What Is The Jewish ‘Allahu Akbar’?
The meaning of “Allahu akbar” was at the center of a polarized debate this week in the wake of a terror attack in which a motorist plowed down a crowd in Manhattan and reportedly shouted the Arabic phrase.
Since then, pundits have been arguing over the use and meaning of the expression.
“The Arabic chant ‘Allahu Akbar,’ God is great, sometimes is said under the most beautiful of circumstances,” CNN’s Jake Tapper said on Tuesday afternoon, hours after the attack. “And too often, we hear it being said in moments like this.”
FoxNews.com blasted Tapper’s comments, tweeting, “Jake Tapper Says ‘Allahu Akbar’ Is ‘Beautiful’ Right After NYC Terror Attack.” Tapper fired back and Fox doubled down — with the debate spiraling out on Twitter.
“Allahu Akbar” is a prayer; if we don’t understand how radical Islamic terrorists justify their evil using religion, West cannot defeat it
— Jake Tapper (@jaketapper) November 1, 2017
But what does the phrase, also known as the takbir, actually mean — and does it have an equivalent in Judaism?
“Allahu Akbar” has a range of uses — from an affirmation of one’s belief in God’s supreme power to a more everyday expression of surprise to a rallying battle cry. The phrase translates literally as “God is [the] greatest,” sometimes rendered in English simply as “God is great.” It’s heard in the adhan, the call to prayer — sounded five times a day — and during the prayers that follow.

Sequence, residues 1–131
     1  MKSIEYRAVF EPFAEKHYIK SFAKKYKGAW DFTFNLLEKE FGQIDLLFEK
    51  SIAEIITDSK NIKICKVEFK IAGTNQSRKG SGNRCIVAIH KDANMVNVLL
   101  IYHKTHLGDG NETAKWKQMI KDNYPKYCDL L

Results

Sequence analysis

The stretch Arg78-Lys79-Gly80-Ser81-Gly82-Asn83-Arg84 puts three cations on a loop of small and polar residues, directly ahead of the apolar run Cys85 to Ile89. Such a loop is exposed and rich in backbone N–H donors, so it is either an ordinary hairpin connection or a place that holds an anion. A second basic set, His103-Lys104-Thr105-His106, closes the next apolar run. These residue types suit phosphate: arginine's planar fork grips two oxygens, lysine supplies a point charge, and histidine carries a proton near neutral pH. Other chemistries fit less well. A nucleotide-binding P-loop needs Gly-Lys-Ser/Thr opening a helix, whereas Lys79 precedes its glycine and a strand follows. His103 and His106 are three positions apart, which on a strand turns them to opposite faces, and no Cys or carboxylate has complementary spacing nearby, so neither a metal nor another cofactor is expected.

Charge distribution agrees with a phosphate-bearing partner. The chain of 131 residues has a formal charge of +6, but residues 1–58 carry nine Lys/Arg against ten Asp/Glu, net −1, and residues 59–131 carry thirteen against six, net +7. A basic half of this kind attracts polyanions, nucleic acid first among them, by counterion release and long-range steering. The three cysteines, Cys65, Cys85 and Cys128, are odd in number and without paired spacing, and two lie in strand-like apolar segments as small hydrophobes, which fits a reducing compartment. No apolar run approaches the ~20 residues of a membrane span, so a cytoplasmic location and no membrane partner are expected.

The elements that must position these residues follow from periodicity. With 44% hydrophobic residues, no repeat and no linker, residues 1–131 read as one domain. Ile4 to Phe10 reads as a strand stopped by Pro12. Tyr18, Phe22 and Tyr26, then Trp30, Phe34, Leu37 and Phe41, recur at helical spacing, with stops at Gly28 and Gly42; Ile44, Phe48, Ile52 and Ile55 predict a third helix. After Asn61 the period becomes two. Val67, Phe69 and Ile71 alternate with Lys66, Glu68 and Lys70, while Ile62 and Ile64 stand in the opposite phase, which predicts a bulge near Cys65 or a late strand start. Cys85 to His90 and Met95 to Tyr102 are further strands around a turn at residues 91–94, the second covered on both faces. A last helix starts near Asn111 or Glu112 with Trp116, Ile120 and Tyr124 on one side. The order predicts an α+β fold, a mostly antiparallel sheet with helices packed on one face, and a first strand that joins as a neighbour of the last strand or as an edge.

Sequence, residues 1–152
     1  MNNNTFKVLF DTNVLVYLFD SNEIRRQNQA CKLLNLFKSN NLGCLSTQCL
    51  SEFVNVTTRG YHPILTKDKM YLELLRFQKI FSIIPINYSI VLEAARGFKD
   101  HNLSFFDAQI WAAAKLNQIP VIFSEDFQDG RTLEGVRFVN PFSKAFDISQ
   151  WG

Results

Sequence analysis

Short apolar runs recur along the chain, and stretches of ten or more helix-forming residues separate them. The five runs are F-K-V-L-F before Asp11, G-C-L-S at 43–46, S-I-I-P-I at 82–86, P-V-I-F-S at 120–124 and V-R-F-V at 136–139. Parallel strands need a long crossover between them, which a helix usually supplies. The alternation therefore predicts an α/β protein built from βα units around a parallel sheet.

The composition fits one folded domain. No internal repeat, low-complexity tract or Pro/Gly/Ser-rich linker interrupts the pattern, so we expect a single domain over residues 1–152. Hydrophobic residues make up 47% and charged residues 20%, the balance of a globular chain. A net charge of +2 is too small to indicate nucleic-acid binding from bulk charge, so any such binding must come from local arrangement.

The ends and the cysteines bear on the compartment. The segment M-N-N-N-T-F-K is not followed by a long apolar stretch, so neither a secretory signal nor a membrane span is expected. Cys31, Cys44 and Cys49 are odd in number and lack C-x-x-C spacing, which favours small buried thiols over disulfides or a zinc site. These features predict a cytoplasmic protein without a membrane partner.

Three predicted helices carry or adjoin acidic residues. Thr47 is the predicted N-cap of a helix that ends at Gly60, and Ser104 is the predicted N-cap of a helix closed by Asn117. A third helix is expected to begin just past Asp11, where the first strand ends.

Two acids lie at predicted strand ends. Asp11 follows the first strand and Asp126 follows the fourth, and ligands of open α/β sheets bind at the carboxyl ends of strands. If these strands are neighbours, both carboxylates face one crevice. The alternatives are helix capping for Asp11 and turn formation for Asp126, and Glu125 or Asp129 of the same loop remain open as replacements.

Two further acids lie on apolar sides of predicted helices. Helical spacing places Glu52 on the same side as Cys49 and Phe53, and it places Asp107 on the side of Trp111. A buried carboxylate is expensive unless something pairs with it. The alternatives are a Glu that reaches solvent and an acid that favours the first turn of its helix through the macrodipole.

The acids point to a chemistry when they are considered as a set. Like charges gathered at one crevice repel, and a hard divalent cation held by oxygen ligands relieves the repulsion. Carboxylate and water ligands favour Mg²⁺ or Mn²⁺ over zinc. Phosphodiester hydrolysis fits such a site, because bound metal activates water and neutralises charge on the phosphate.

The phrase may have no exact Jewish equivalent — but here are a number of parallels.
“Allahu akbar” might be uttered in everyday situations to express surprise or thanks. In this way, the Hebrew phrase “Baruch HaShem” — literally “Blessed is the name,” but meaning basically “thank God” — gets at the same idea.
As a daily affirmation of God’s power, the takbir is also similar to the Shema, which also amounts to a public proclamation of a monotheistic reverence: “Hear, Oh Israel, the Lord is our God, the Lord is One.”
As a call to prayer, letting listeners know that a sacred service is about to begin, the takbir could also be similar to the Barekhu, which is recited in morning and evening services, as well as by the person called for an aliyah to bless the Torah before it is ritually read. “Bless the Lord, the Blessed One,” the Barekhu begins. The congregation responds with: “Blessed is the Lord, the Blessed One forever and ever.”
The takbir is also employed as a rallying or battle cry. One contemporary Jewish equivalent to this could be “Am Yisrael Chai” or “The People of Israel Live.” “Am Yisrael Chai” is not an inherently violent cry — indeed, it is the main lyric to a famous Jewish song — but has also been used as a rallying cry for Jewish nationalists. (The two phrases may even sometimes be used in confrontational shouting matches between Jews in Muslims in Jerusalem.)